Imagery and Figurative Language

Poets mean what they say, but they do not always say what they mean. For example, when Margaret Atwood writes, in her poem "You Fit into Me," "you fit into me / like a hook into an eye // a fish hook / an open eye," she means just what she says and wants the reader to experience the rightness of the first comparison, with its suggestion of sexuality, and the shock and pain of the second comparison. If she were to say what she meant, then she would have written something like the following: "Though our relationship appears mutually supportive, it is actually destructive, especially to me." She would have made her point, but she would not have written a poem.

image: a literal or concrete representation of a sensory experience or of an object that can be known by one or more senses. Ezra Pound defines it as "a radiant node or cluster into which, out of which, and through which ideas are constantly rushing." In Swift's "A Description of the Morning," the "ruddy morn" of line 2 is an image; so, too, are the "broomy stumps" of line 9. Loosely, imagery may refer to all figures of speech in a poem.

simile: a figure of speech in which a similarity between two objects is directly expressed; usually the comparison is introduced by like or as. Margaret Atwood's "You Fit into Me" is based on a simile.

metaphor: an implied analogy which imaginatively identifies one object with another and ascribes to the first one or more qualities of the second, or invests the first with emotional or imaginative qualities of the second. According to the critic R.P. Blackmur, all metaphors are made up of two parts: a tenor, which is the idea being expressed or the subject of the comparison, and a vehicle, which is the image by which the idea is conveyed or the subject is communicated. The word metaphor comes from the Greek and means transference, i.e., of the qualities of one thing to another. We have encountered metaphorical language in most of the poems we have read so far. When the speaker of Ben Jonson's poem laments the "adulteries of art," he compares not only the act of dressing to an art, but also compares that art to committing adultery; the first comparison ascribes the qualities of art to the everyday act of dressing, while the second comparison encourages us to see such art in the same emotional terms as an act of adultery.

allusion: a figure of speech making casual reference to a famous historical or literary figure or event, or to another work of literature. Of the poems we've read so far, Swift's "A Description of the Morning" could be said to allude to a generic or stock character of Restoration literature when we learn that "Betty from her master's bed had flown." A more obvious moment of allusion appears in T.S. Eliot's "The Love Song of J. Alfred Prufrock." When the speaker declares, "No! I am not Prince Hamlet," he assumes that have read or seen a production of Shakespeare's play, and that we will know that in making his negative comparison (allusion is a kind of metaphor), he is saying that his indecisiveness has nothing like the tragic dimensions of Hamlet's.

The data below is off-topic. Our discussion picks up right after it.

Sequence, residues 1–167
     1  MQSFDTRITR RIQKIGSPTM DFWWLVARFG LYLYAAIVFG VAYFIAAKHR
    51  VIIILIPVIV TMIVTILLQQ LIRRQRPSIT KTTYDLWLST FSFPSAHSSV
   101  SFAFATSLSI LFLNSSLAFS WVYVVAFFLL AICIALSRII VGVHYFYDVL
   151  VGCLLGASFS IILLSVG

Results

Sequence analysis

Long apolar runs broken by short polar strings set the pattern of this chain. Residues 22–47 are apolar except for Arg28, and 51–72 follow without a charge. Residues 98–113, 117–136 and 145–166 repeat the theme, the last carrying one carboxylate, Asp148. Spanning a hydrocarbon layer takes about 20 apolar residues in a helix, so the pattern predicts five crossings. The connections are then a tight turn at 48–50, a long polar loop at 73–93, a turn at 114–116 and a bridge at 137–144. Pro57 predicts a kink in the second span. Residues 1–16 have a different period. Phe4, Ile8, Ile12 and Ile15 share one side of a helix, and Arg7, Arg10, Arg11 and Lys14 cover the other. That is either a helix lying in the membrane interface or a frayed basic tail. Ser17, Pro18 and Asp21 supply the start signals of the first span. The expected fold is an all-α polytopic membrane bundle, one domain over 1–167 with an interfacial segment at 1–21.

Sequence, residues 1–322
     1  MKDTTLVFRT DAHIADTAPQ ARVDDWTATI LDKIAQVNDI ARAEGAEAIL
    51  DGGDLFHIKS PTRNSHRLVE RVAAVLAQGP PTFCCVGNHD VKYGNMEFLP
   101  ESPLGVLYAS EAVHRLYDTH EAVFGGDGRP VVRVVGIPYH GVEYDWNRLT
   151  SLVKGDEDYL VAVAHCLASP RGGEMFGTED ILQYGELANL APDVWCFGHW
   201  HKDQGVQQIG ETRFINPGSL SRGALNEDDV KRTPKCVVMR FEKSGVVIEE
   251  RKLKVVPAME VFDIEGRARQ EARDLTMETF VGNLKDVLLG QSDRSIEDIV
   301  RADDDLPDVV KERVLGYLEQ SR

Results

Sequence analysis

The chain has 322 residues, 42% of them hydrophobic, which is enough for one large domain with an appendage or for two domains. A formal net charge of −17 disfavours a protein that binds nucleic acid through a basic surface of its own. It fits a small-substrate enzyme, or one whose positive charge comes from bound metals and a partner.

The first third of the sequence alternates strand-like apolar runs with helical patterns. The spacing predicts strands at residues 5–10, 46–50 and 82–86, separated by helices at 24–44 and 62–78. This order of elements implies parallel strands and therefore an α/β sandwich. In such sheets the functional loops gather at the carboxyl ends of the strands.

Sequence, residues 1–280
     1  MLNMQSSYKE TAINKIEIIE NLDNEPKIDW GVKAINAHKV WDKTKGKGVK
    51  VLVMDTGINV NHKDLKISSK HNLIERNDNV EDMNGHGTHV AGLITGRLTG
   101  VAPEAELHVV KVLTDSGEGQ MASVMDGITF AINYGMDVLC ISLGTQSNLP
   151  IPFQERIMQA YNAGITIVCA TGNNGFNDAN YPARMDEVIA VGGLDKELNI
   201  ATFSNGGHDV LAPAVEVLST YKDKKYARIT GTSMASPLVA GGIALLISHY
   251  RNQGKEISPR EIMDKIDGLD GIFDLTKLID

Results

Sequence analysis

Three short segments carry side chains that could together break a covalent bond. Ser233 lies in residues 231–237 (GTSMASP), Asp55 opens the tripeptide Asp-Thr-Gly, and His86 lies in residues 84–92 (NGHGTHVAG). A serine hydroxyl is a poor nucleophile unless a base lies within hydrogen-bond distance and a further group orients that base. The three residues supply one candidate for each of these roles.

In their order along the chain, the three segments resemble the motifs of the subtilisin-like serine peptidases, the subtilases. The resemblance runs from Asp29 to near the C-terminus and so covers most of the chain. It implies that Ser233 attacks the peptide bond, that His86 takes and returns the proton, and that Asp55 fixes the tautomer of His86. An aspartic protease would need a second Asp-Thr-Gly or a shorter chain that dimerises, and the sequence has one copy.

personification: a figure of speech which endows animals, ideas, abstractions, and inanimate objects with human form, character, or sensibilities. The clock in Housman's "Eight O'clock" is personified: it "sprinkle[s]" the quarter hours on the town and figuratively "strikes" the "he" of the poem, as well as literally "strik[ing]" (chiming) the hour of the morning. And Keats's "To Autumn" personifies autumn: it "conspire[s]" with a "bosom-friend," and "sit[s] […] on a granary floor" while its "hair [is] soft-lifted by the winnowing wind."

symbol: literally, something which is itself and yet stands for or suggests something else, usually abstract. Housman's "Eight O'clock" uses the clock as a symbol: the clock is both a clock which tells the town what time it is, but it also stands for the abstract concept of time - here, a sense of obligation, or of power and control.

synecdoche: a figure of speech which in mentioning a part signifies the whole or in which the whole signifies the part. An example of the former is the expression "All hands on deck"; the "broomy stumps" of Swift's poem are also an example of synecdoche, since the stump of the broom's straw stands in for the whole of the broom. An example of the latter kind of synecdoche, when the whole signifies the part, is when Andre Agassiz claims (or used to claim) in a commercial, "Image is everything."

metonymy: a figure of speech which is characterized by the substitution of a term naming an object closely associated with the word in mind for the word itself, as in "In the sweat of thy face shall thou eat bread." Here, "sweat" stands for hard labor. In his sonnet 73, Shakespeare uses metonymy in line 8 when he identifies sleep as "Death's second self"; sleep is not equivalent or a part of death, but shares some qualities with death, such that to think of one is to think of the other. In Housman's "Eight O'Clock," one could argue that the clock is a metonymy for the individual who instigates the literal or figurative death of the "he": the clock stands in for the active agent who will "kill" the subject of the poem.


The above definitions are derived in large part -- often verbatim -- from Poet and Vanderbilt Professor Mark Jarman, H. Holman's The Handbook to Literature, and Abrams's Glossary of Literary Terms.


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